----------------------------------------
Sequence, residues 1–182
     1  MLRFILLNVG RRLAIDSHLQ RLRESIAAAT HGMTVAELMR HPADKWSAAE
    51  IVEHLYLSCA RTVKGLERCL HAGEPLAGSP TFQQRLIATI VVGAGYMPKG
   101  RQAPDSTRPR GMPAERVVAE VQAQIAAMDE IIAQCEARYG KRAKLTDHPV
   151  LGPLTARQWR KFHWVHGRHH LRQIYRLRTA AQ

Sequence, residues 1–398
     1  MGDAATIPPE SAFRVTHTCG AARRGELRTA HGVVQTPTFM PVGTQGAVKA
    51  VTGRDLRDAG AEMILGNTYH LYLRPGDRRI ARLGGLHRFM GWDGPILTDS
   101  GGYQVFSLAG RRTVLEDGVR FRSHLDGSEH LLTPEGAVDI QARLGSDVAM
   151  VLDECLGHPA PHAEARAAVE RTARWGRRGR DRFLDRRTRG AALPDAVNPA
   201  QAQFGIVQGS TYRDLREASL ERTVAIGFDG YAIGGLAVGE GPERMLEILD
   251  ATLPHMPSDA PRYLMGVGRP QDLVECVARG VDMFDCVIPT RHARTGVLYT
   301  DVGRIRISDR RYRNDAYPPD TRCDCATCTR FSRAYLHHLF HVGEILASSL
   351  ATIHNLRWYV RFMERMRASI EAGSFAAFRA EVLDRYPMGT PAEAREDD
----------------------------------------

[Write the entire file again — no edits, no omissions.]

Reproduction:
Sequence, residues 1–182
     1  MLRFILLNVG RRLAIDSHLQ RLRESIAAAT HGMTVAELMR HPADKWSAAE
    51  IVEHLYLSCA RTVKGLERCL HAGEPLAGSP TFQQRLIATI VVGAGYMPKG
   101  RQAPDSTRPR GMPAERVVAE VQAQIAAMDE IIAQCEARYG KRAKLTDHPV
   151  LGPLTARQWR KFHWVHGRHH LRQIYRLRTA AQ

Sequence, residues 1–398
     1  MGDAATIPPE SAFRVTHTCG AARRGELRTA HGVVQTPTFM PVGTQGAVKA
    51  VTGRDLRDAG AEMILGNTYH LYLRPGDRRI ARLGGLHRFM GWDGPILTDS
   101  GGYQVFSLAG RRTVLEDGVR FRSHLDGSEH LLTPEGAVDI QARLGSDVAM
   151  VLDECLGHPA PHAEARAAVE RTARWGRRGR DRFLDRRTRG AALPDAVNPA
   201  QAQFGIVQGS TYRDLREASL ERTVAIGFDG YAIGGLAVGE GPERMLEILD
   251  ATLPHMPSDA PRYLMGVGRP QDLVECVARG VDMFDCVIPT RHARTGVLYT
   301  DVGRIRISDR RYRNDAYPPD TRCDCATCTR FSRAYLHHLF HVGEILASSL
   351  ATIHNLRWYV RFMERMRASI EAGSFAAFRA EVLDRYPMGT PAEAREDD